As a Black Person Thinking About White Privilege
White supremacy and white privilege have become un-spoken norms in American society. They touch every American’s daily life and are a topic of fierce debate in discussion circles. Racial roles and norms resulting from American White supremacy force American Black people into a contradictory role in the world as well.
Many White Americans get offended when the topic of white privilege is brought up. I suppose they must feel that it takes away from what they have accomplished for themselves. The thought that they have been receiving special treatment through their lives infects them with a sense of insecurity. Many White Americans fail to realize that American society is set up to ensure that the vast majority white skinned Americans begin life with more resources than people of color and are confronted with obstacles inconsistent with those faced by melaninated Americans. This trend is confirmed in the fact that in 2015 the average white American was 20 times the net-worth of the average melaninated American. Another example of White Privilege includes being to walk into virtually any career field and be accepted as a peer. It was not until recently negative stigmas such as the “frat boy” and “pig cop” started effecting White people. On the other hand, negative stigmas such as “Little Black Sambo”, “Sapphire Rush”, “Ugly Black Women”, and “perpetually Single Black Woman” have been used as a psychological weapon against Black people since the inception of the United States. Wealth in American society disproportionally held in White communities establishing a seat of power in White communities and seat of inferiority within Black communities. Black people are then blamed for their lack of success as if the fault is entirely on their part when American society actively works to ensure that they do not succeed.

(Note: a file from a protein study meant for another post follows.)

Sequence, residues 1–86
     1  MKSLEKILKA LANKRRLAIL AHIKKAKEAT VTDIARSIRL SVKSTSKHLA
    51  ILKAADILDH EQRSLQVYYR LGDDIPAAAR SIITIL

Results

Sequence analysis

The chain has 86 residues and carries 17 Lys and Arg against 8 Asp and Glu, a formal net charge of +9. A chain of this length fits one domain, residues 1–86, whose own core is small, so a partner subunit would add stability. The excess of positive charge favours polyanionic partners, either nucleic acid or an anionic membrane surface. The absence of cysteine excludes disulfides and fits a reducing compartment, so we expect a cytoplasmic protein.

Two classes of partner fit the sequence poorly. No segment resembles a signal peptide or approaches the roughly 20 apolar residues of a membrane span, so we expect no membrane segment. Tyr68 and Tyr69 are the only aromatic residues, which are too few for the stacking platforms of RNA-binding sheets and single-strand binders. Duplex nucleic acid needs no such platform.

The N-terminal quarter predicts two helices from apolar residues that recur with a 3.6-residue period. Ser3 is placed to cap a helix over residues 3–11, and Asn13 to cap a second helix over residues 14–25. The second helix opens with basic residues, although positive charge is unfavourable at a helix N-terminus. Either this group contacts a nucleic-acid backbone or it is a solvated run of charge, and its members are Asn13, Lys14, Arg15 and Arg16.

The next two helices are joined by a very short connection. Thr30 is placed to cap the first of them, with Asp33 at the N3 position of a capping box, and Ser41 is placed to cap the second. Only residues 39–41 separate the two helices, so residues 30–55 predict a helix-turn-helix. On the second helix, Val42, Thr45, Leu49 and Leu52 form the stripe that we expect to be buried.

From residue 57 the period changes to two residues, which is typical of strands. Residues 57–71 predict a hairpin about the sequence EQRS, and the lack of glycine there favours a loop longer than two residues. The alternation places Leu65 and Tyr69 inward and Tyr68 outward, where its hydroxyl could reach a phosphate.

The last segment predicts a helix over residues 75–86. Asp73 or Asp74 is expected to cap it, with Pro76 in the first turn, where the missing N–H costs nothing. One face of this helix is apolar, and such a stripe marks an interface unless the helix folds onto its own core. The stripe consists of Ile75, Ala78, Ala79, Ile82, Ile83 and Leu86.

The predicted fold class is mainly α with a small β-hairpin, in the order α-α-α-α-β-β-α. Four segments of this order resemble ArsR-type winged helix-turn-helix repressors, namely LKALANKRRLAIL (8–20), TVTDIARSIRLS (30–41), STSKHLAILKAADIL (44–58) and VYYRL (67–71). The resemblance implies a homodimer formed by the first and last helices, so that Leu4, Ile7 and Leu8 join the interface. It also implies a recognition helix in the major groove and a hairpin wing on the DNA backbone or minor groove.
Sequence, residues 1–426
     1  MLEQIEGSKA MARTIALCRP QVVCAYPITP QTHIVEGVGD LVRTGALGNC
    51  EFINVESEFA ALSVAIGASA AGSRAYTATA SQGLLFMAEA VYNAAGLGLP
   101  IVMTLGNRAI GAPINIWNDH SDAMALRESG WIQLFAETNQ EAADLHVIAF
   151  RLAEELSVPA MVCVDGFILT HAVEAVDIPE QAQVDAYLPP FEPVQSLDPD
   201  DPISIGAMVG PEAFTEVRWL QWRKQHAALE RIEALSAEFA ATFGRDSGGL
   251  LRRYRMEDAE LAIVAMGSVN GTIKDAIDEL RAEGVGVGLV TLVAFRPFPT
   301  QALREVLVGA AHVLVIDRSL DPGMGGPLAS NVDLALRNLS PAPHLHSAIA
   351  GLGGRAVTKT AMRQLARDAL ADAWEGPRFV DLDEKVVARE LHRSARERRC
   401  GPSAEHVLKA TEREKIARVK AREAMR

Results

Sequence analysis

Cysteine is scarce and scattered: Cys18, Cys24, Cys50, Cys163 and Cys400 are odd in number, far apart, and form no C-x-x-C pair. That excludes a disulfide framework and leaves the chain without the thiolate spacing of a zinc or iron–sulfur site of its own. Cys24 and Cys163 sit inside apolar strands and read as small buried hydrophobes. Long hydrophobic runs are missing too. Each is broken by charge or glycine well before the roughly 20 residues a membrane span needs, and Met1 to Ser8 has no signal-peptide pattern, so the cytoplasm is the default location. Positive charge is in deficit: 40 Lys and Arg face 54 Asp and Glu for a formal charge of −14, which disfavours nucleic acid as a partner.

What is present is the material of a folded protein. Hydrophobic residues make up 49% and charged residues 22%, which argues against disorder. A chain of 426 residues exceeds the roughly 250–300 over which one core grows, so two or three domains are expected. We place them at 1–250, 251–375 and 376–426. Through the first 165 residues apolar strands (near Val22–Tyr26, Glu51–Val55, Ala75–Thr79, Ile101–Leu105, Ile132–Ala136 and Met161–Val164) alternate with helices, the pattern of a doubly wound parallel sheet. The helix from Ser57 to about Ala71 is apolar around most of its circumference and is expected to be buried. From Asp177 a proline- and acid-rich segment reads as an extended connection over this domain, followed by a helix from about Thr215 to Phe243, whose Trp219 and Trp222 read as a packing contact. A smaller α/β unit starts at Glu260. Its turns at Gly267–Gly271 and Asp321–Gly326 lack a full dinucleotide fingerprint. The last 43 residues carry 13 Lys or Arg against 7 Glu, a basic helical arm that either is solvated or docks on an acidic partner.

All of that being said, there is a contradiction in being a Black American. As a Black American, American society places several barriers to ensure that you stay in your assigned race role (underneath others in society). Though, in a global sense, as an American, Black people are part of a Global elite class. The limited opportunities presented to Black people by virtue of being in America, are opportunities that people with the same skin color elsewhere will likely have.
It is evident that White supremacy and by extension White privilege enforce notions of Black inferiority when while at the same time Black Americans status as citizens in one of the world’s top societies leaves them with a confusing role in the world.